While all this effort is laudable, the issue of uniform adoption still faces huge obstacles. To date, four states have taken no action toward even considering the new rules—Florida, Louisiana, Oklahoma, and Colorado. So even if every other racing state besides these four were to embrace the new rules fully, horse racing in the U.S. still would have a regulatory patchwork.

And yet to be determined is whether the new rules ultimately provide true deterrence against cheating.

Horse racing may not get the chance to find out.

The stonewalling by these four states, even though a small minority among 38 racing states, reinforces the biggest criticism against Thoroughbred racing—that it lacks the ability to police itself thoroughly and the collective will to implement real change when necessary.

Horse racing is only slightly better off than the International Olympic Committee and the U.S. Olympic Committee in the 1990s. At that time these organizations had no uniform policy on violations, on what was being tested for, the procedure for collection and chain of custody for samples, and varying sanctions for rule violations. What changed the Olympics’ course was the formation of the World Anti-Doping Agency, known as WADA. This private organization created a uniform code, which was drafted and revised multiple times in an open and transparent process. The code has since been adopted by 520 sporting organizations and 172 governments.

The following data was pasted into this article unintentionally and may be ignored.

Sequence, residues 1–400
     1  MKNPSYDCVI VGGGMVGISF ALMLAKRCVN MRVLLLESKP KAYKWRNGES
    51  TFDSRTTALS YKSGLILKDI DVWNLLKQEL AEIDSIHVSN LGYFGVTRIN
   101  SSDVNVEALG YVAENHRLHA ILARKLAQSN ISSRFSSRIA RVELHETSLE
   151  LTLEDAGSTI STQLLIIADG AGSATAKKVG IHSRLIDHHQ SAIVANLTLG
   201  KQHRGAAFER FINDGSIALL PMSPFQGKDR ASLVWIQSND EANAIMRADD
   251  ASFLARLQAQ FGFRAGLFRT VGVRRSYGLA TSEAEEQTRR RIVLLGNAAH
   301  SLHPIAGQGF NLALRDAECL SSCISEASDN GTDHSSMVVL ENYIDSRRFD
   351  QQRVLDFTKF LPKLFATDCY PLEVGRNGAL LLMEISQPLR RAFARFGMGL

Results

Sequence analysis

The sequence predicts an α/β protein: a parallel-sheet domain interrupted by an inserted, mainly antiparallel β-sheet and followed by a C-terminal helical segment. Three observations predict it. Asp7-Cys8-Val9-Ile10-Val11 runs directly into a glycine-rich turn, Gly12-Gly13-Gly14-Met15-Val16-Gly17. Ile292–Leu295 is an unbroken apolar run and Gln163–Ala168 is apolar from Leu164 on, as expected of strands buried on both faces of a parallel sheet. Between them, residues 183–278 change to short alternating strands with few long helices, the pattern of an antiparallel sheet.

“There is no reason why this same effort could not be done for the horse racing industry in the U.S.,” Travis Tygart, CEO of the U.S. Anti-Doping Agency, told a U.S. congressional subcommittee back in 2013. The USADA was formed in 1999 because the U.S. Olympic Committee realized it could not police itself.